St Mary Cray  Kent


In 1870-72, John Marius Wilson's Imperial Gazetteer of England and Wales described St Mary Cray like this:

CRAY (St. Mary), a village and a parish in Bromley district, Kent. The village stands on the rivulet Cray, and on the Mid Kent railway, 4½ miles E by S of Bromley; was once a market-town; includes a number of modern houses; and has a railway station with telegraph, a post office under Foots-Cray, London, S. ...

E., and fairs on 13 Feb. and 10 Sept. The parish comprises 2, 010 acres. Real property, £6, 923. Pop., 1, 46 4-Houses, 277. The property is much subdivided. There is a large paper-mill. The living is a vicarage in the diocese of Canterbury. Value, £300.* Patron, the Archbishop. The church is later English. There are Independent and Wesleyan chapels, a literary institute, a police station, an endowed school with £70, and charities £12. . . .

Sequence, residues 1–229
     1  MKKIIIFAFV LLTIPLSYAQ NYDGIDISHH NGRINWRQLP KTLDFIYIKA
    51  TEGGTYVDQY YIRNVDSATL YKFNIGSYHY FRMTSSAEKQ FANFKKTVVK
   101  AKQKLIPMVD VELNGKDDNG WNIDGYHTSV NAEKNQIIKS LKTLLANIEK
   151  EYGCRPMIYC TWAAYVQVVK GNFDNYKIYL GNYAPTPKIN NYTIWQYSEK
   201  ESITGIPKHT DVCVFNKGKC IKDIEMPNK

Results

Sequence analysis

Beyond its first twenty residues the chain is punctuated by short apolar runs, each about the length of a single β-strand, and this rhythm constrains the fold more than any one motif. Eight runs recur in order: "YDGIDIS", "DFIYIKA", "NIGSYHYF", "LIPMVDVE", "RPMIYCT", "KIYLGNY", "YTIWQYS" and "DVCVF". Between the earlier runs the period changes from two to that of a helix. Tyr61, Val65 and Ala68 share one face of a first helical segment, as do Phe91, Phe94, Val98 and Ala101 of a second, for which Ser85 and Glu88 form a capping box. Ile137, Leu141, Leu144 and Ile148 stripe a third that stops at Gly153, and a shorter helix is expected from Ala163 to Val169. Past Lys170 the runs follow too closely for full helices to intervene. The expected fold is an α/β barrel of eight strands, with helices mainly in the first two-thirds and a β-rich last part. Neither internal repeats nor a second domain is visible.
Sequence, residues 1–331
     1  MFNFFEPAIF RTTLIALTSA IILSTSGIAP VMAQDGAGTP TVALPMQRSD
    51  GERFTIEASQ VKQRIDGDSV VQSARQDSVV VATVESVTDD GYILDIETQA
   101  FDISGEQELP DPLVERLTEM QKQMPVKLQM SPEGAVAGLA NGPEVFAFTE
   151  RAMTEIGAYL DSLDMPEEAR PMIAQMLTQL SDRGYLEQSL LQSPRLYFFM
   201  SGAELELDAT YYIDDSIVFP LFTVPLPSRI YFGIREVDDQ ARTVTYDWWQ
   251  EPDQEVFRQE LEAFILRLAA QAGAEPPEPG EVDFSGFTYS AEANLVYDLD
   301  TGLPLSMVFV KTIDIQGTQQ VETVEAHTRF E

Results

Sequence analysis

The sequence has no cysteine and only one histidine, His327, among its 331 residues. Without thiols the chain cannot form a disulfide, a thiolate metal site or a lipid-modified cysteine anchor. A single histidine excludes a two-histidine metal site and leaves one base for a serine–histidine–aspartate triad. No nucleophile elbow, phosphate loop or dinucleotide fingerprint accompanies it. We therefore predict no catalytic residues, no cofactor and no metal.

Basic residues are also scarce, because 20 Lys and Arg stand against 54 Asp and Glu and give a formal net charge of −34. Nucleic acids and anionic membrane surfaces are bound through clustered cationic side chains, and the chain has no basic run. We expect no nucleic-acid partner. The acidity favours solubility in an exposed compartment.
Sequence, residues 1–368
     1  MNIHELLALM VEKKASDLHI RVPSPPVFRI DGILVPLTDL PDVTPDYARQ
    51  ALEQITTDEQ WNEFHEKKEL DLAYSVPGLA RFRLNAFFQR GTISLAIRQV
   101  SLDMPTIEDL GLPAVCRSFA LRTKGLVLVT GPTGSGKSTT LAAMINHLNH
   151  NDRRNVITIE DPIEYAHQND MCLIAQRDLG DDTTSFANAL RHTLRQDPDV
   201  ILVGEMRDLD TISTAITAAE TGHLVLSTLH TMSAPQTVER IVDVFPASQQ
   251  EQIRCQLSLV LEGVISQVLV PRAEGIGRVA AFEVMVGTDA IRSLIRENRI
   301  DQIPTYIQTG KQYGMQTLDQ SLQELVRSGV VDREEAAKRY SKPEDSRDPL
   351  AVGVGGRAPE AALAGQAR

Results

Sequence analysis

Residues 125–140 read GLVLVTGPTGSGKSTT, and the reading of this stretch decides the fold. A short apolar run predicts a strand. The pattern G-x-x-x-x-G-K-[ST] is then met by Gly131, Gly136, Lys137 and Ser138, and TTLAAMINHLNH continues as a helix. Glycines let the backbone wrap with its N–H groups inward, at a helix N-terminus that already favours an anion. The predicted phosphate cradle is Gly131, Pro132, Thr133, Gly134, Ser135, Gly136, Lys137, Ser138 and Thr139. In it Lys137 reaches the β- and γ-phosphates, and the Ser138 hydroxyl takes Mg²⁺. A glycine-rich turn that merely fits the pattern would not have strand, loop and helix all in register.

St Mary Cray through time

St Mary Cray is now part of Bromley district. Click here for graphs and data of how Bromley has changed over two centuries. For statistics about St Mary Cray itself, go to Units and Statistics.

How to reference this page:

GB Historical GIS / University of Portsmouth, History of St Mary Cray, in Bromley and Kent | Map and description, A Vision of Britain through Time.


Date accessed: 12th April 2024

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